I would do the main line in 1" so you have plenty of capacity, albeit limited by the volume from the hose. I'm suggesting 1" because someday you may want to tap directly into your house's water main and add a timer and valves. This saves you from doing it twice.

Once you are in the garden, drip supply lines are normally 1/2 inch. Drip doesn't need much water and the pressure needs to be reduced from the house pressure. Since this is your first year, I would go with a kit. As your gardening matures, then you could switch over to a custom setup.

Consider a timer for your watering. Drip has to run longer to be effective. In the hottest days of summer, I run my drip zone for 75 to 90 minutes.

mgh-pa 04-09-2013 07:33 AM

Sorry about the lack of pictures, I spent most of the evening turning the sod/soil over with my dad...with a shovel:( I was talking with my dad, and I think I'm just going to do what one of you mentioned and keep it simple this year. I will do a rain barrel, but just hook a hose up to it, and gravity water it. I can also run my hose from the house spigot and water by hand as well.

The only question I have with this is the argument that plants grow better and thrive much better with drip irrigation than overhead watering. Would I see more benefit from drip irrigation as opposed to conventional watering?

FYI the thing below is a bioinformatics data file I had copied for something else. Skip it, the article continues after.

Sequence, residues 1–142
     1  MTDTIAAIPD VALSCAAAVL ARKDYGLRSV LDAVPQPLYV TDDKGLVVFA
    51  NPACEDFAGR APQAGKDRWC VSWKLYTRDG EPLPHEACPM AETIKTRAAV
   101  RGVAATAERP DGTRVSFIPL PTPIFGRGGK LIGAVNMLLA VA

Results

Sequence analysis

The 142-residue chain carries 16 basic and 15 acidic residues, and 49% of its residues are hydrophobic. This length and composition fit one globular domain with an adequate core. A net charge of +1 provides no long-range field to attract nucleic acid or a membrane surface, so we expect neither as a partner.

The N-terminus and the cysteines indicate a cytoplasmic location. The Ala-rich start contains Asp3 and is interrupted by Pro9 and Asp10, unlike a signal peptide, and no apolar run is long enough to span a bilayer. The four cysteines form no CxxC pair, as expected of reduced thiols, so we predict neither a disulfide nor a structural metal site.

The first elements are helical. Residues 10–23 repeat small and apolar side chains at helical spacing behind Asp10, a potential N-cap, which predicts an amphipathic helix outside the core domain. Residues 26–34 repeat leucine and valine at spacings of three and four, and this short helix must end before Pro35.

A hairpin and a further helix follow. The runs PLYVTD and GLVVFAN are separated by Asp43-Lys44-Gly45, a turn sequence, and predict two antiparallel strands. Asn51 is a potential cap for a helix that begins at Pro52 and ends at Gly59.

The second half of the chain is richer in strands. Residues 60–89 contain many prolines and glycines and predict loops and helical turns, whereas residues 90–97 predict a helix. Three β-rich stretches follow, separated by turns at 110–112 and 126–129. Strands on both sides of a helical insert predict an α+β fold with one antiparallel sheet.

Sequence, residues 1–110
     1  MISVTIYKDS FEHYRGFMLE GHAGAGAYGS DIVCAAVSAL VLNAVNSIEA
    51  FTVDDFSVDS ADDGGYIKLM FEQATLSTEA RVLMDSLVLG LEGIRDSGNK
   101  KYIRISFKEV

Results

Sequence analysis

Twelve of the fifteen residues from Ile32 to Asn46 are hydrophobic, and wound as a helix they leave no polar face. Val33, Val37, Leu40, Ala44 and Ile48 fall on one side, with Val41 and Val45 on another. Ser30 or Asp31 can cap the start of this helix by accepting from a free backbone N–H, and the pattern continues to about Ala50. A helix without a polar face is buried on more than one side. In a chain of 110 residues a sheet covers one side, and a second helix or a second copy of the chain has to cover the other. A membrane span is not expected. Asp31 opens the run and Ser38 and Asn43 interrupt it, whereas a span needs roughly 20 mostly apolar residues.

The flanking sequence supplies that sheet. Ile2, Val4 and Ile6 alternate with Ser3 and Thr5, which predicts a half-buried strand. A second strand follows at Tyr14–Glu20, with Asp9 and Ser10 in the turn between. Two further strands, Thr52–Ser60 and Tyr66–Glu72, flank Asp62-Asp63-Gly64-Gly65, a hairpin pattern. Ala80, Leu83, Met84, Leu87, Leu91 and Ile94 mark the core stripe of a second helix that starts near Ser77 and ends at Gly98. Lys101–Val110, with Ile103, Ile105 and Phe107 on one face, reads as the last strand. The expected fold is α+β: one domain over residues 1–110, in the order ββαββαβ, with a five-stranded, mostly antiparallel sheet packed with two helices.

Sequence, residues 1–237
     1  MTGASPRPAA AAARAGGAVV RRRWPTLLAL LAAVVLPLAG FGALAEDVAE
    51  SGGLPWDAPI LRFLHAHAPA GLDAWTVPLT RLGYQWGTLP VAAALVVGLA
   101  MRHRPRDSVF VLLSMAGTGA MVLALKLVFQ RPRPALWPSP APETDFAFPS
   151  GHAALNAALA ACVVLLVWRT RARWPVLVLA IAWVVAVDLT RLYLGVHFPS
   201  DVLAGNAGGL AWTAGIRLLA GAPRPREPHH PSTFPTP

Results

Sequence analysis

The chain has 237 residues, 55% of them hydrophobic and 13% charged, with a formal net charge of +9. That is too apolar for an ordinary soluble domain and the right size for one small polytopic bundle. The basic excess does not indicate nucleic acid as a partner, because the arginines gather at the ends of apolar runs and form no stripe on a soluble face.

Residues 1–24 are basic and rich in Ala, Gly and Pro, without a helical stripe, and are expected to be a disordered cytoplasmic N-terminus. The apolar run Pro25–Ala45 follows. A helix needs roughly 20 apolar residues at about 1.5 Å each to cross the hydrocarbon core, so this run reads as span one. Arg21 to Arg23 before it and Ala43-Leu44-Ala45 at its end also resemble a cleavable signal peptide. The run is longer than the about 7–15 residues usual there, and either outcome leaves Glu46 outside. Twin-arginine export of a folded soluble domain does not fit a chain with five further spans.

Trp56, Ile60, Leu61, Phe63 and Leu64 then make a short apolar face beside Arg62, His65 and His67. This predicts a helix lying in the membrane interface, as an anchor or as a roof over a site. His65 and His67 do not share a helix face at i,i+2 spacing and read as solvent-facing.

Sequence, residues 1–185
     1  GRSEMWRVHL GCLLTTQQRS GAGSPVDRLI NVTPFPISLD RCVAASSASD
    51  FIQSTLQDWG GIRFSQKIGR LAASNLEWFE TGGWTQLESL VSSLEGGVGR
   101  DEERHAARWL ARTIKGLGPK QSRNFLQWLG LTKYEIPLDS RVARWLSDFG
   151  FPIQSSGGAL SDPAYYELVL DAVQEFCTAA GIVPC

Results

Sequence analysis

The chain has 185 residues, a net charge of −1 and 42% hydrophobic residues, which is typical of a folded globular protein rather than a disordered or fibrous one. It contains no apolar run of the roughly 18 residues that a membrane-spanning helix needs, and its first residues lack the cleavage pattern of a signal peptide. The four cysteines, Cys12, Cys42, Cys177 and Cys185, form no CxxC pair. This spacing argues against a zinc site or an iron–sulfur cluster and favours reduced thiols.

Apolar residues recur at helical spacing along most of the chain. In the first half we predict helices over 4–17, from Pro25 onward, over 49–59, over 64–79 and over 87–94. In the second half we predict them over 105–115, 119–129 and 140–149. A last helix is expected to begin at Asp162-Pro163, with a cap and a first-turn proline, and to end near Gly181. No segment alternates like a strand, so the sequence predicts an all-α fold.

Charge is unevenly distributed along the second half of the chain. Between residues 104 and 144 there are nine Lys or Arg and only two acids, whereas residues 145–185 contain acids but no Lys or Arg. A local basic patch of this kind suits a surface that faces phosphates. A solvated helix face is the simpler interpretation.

djlandkpl 04-09-2013 08:05 AM

Drip is better. Uses less water and it gets it down to the roots. Some plants don't do well with wet leaves, especially tomatoes.

mgh-pa 04-09-2013 09:25 AM


Originally Posted by djlandkpl (Post 1155326)
Drip is better. Uses less water and it gets it down to the roots. Some plants don't do well with wet leaves, especially tomatoes.

I've seen some pictures of drip lines being placed in trenches or the spacing between furrows. I wasn't really planning on planting in furrows, but can the drip line be placed on a relatively flat garden bed slightly below the soil line?

djlandkpl 04-09-2013 09:37 AM


Originally Posted by mgh-pa (Post 1155358)
I've seen some pictures of drip lines being placed in trenches or the spacing between furrows. I wasn't really planning on planting in furrows, but can the drip line be placed on a relatively flat garden bed slightly below the soil line?

I lay mine on top of the soil and they work fine. I leave them exposed so I know where they are for planting and so I can pull them up when I need to turn the soil.

mgh-pa 04-09-2013 09:49 AM

Thanks, that's good to know.

I've seen mention that it's necessary to buy a drip kit that is DESIGNED for barrel/gravity fed systems due to pressure differences in the systems designed to be used from a water source or pump. Is this correct?

djlandkpl 04-09-2013 10:03 AM

It would make sense but I do not know for sure. Are you going to get enough rain during the summer to support barrels? I know you could fill the barrel with a hose but then it makes more sense to go direct to house water.